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Khaled bin Mohamed: Abu Dhabi’s new crown prince and likely future Emirati president

Mohammed bin Zayed's eldest son - who has held positions across governance, energy and security - becomes UAE's heir apparent
Khaled bin Mohammed bin Zayed al-Nahyan during a ceremony marking the second anniversary of Abu Dhabi's Louvre museum on 11 November 2019 (AFP)
Khaled bin Mohammed bin Zayed al-Nahyan during a ceremony marking the second anniversary of Abu Dhabi's Louvre museum on 11 November 2019 (AFP)

Khaled bin Mohamed bin Zayed was named on Wednesday as the new crown prince of Abu Dhabi. 

The announcement was made by his father, UAE President Mohammed bin Zayed al-Nahyan, after approval from the federal supreme council, the country’s highest legislative body, which rulers from all seven emirates sit on.

The decision means that Khaled is most likely to succeed his father as president, placing him ahead of more senior Emirati royals, including several of Mohammed bin Zayed’s brothers. 

Khaled bin Mohamed was born in Abu Dhabi on 8 January 1982 and is the eldest son of the current president and his wife Salama bint Hamdan. 

The new crown prince earned a BSc in international relations at the American University of Sharjah, before completing a PhD from the department of war studies at King’s College London, in 2014. 

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Since then, he has held a number of prominent roles across Emirati institutions. 

In 2016, he was appointed to be the country’s head of national security and became deputy national security advisor the following year.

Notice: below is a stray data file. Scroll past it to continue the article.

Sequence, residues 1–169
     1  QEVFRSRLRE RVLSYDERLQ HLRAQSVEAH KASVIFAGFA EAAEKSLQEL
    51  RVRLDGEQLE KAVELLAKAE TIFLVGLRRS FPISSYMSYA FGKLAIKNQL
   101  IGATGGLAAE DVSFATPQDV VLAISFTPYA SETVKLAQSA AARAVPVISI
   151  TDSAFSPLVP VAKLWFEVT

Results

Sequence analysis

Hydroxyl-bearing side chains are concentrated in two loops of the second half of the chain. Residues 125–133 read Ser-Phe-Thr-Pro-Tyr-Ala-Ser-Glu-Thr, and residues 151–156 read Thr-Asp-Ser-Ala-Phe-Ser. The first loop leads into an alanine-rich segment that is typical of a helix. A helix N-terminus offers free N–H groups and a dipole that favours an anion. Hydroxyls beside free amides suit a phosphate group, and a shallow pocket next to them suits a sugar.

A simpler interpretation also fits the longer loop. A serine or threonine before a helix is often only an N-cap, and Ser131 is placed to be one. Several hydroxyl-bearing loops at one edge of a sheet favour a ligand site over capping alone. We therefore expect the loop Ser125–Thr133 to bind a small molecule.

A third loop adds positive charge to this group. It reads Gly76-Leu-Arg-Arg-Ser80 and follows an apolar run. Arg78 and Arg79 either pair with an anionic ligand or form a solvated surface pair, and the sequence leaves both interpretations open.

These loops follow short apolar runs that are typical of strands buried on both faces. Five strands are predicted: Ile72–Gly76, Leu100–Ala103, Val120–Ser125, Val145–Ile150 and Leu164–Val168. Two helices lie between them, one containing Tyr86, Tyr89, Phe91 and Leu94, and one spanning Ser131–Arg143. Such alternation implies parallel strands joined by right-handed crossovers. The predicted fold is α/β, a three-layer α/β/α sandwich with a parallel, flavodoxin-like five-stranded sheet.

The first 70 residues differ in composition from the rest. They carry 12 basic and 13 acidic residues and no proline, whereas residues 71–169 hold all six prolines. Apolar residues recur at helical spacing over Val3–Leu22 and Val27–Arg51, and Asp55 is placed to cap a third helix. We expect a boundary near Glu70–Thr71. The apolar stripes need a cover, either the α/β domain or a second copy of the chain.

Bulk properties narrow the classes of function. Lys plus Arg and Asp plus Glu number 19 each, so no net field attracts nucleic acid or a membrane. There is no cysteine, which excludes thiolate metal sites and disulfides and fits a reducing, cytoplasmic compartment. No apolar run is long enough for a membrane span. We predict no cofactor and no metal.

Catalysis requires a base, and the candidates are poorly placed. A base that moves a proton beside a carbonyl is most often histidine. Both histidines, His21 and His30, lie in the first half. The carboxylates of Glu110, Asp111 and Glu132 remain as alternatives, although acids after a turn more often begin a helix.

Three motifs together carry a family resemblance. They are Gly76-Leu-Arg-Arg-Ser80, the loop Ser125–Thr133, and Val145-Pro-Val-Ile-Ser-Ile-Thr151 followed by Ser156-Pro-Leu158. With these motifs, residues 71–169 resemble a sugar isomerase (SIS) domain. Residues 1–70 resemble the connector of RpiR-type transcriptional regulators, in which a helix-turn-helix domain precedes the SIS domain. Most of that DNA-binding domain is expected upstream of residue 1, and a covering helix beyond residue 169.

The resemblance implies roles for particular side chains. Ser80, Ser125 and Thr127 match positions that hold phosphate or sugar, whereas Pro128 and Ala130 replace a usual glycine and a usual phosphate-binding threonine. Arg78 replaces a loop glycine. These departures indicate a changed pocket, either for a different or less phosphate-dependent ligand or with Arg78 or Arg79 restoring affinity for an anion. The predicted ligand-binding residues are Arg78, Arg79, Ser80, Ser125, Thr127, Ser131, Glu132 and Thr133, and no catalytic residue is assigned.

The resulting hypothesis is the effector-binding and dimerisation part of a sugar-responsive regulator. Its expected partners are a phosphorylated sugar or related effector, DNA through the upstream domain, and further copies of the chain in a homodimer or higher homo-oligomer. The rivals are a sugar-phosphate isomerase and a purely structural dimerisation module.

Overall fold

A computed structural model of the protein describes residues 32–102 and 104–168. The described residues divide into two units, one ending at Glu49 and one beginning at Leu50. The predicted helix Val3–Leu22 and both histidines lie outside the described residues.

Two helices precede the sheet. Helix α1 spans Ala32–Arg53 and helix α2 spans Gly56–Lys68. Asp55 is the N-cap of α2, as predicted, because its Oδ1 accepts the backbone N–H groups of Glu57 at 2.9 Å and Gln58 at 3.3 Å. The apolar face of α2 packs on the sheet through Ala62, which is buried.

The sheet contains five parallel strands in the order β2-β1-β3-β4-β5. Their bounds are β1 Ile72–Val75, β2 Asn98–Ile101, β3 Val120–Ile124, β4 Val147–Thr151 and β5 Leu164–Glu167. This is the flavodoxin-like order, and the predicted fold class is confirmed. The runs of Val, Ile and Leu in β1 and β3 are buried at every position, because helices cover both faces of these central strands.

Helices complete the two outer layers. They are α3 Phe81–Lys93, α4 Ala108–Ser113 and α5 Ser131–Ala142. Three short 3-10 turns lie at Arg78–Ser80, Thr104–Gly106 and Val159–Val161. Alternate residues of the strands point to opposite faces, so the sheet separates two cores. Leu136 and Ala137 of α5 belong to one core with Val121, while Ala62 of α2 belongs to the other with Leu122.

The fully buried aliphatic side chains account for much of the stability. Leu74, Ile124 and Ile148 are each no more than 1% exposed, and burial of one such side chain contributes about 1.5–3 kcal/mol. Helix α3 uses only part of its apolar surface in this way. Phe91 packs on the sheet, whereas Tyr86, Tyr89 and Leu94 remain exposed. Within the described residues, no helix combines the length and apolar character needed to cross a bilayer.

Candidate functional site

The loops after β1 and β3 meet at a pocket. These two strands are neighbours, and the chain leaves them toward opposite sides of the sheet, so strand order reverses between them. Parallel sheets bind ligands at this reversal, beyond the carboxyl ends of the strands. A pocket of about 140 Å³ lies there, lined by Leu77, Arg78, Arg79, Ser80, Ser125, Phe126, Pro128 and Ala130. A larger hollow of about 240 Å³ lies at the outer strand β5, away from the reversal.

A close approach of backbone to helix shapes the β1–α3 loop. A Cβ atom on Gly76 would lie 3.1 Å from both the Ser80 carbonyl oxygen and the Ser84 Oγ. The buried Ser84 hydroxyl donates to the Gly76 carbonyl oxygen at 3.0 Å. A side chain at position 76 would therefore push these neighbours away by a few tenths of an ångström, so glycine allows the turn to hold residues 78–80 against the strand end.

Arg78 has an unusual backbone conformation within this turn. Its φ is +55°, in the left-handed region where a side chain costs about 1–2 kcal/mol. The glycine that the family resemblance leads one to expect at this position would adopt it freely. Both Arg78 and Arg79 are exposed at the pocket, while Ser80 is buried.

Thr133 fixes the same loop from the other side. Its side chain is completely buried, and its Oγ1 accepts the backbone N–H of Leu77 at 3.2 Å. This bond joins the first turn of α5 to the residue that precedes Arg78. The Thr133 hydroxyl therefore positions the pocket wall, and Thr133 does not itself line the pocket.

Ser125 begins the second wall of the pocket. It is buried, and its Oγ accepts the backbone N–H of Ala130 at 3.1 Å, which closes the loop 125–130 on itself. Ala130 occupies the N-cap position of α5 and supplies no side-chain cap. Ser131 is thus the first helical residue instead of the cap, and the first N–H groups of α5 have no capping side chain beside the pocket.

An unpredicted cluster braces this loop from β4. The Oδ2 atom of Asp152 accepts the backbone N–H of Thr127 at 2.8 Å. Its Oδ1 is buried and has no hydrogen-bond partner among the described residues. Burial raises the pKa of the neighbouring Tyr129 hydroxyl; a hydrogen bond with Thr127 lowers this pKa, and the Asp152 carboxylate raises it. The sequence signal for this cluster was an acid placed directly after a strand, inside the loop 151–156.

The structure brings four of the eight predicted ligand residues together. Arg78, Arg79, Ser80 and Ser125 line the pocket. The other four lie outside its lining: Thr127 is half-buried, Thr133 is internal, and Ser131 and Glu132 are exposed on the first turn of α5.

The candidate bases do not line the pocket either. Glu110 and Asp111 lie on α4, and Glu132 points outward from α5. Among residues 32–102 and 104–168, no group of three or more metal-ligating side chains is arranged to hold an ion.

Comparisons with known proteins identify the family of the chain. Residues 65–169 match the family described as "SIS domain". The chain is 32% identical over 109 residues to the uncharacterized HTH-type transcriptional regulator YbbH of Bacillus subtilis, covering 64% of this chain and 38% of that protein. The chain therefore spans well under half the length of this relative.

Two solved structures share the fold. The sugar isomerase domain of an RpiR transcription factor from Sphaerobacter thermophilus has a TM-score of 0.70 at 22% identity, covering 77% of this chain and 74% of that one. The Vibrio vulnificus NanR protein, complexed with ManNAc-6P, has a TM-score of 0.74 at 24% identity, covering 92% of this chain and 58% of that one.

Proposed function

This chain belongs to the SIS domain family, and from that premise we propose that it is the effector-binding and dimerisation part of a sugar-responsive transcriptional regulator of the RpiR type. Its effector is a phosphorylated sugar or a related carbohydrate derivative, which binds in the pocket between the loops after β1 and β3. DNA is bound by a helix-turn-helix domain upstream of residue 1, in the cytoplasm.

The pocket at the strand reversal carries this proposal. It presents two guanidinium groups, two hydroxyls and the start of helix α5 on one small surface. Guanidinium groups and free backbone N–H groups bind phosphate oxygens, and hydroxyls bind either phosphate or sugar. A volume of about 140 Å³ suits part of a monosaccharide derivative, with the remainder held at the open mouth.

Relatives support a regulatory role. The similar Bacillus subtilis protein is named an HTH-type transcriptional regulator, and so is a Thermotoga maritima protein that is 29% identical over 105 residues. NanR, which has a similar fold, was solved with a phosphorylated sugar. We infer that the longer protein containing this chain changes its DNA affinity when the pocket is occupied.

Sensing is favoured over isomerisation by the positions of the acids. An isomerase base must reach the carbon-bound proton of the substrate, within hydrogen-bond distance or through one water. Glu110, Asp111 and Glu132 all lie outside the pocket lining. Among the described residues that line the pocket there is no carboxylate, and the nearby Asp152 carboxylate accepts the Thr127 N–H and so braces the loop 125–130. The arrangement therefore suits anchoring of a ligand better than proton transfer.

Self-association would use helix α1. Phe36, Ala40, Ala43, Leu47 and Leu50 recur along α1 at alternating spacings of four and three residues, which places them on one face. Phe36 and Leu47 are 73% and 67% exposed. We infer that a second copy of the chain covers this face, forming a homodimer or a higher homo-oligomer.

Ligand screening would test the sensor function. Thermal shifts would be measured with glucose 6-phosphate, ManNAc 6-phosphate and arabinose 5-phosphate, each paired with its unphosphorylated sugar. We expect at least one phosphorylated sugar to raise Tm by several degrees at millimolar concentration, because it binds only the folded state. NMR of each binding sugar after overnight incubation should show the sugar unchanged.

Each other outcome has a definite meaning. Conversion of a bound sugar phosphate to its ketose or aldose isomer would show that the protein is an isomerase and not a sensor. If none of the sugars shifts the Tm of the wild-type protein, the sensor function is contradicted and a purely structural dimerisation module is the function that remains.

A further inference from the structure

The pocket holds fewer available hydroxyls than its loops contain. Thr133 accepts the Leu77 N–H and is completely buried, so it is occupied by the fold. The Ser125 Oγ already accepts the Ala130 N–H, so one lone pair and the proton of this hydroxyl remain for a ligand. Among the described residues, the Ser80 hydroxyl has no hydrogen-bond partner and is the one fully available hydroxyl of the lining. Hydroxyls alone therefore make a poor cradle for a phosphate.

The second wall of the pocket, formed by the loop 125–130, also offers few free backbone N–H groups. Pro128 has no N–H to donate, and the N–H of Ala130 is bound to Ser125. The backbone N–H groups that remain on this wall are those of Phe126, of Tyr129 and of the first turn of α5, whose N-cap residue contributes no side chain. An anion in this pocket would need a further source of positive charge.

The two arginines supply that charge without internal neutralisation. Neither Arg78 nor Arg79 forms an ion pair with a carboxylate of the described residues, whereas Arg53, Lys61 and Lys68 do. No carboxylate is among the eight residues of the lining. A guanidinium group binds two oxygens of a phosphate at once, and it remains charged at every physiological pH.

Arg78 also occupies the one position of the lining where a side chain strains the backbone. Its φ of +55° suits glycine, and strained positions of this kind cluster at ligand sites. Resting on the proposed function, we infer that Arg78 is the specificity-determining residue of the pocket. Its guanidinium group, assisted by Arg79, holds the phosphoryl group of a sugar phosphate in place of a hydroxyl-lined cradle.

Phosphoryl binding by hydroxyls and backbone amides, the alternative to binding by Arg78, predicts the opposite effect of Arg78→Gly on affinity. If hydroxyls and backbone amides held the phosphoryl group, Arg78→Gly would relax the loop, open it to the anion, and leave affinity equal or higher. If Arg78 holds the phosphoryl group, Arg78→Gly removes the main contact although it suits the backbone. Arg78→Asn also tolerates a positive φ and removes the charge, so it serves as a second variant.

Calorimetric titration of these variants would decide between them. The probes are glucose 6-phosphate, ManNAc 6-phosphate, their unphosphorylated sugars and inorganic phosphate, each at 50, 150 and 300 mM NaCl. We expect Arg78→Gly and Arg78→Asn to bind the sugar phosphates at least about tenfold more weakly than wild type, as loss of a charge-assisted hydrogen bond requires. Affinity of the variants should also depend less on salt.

Both roles gave him the rank of a government minister. 

The 41-year-old has also held other influential governance positions, including as chairman of Abu Dhabi’s executive office and as a member of its executive council, the emirate government’s supervisory body.

In his new role as crown prince, he will also head up the latter. 

Khaled bin Mohammed is also chair of the board of directors at Abu Dhabi National Oil Company (Adnoc), one of the world’s largest oil companies by production. 

In that role, he launched renewable energy and green hydrogen initiatives, as part of the UAE’s pivot towards sustainable energy. 

The country will host the UN climate change conference, Cop28 later this year, with Adnoc chief Sultan Ahmed al-Jaber as its new president - a decision that was condemned by climate change activists. 

Generational shift in succession

In 2021, Khaled bin Mohammed was named in the Pandora Papers, a massive data leak revealing the questionable financial dealings of world leaders and business tycoons.

The leak showed that the new crown prince was a business partner in an offshore investment deal with Singapore billionaire Ong Beng Seng and Emirati billionaire Ali Saeed Juma Albwardy, according to the International Consortium of Investigative Journalists. 

The crown prince is also a key driving force behind the UAE’s efforts to promote and host international sports, according to Khaleej Times.

He oversaw an agreement that will see Abu Dhabi host the first National Basketball Association (NBA) games in the Gulf.

He has also sought to make Abu Dhabi a global capital in martial arts and Jiu-Jitsu - the latter of which he is a practitioner himself. 

His elevation to crown prince - instead of one of Mohamed bin Zayed’s brothers - marks a generational shift in succession that has also been seen in Saudi Arabia, where Crown Prince Mohammed bin Salman has consolidated power. 

Zayed has led the country since May last year after his half-brother Khalifa bin Zayed died at the age of 73.

The president’s brothers include Manchester City owner Mansour bin Zayed, who on Wednesday was promoted to vice president of the UAE, a role he will share with Dubai ruler Mohammed bin Rashid al-Maktoum. 

Tahnoun bin Zayed and Hazza bin Zayed, two other brothers, were also named deputy rulers of Abu Dhabi as part of the shake-up. 

Tahnoun, Hazza, Mansour, and MBZ are four of six brothers known as the Bani Fatima, born to Sheikh Zayed bin Sultan Al Nahyan, founder of the UAE, and his third wife, Sheikha Fatima.

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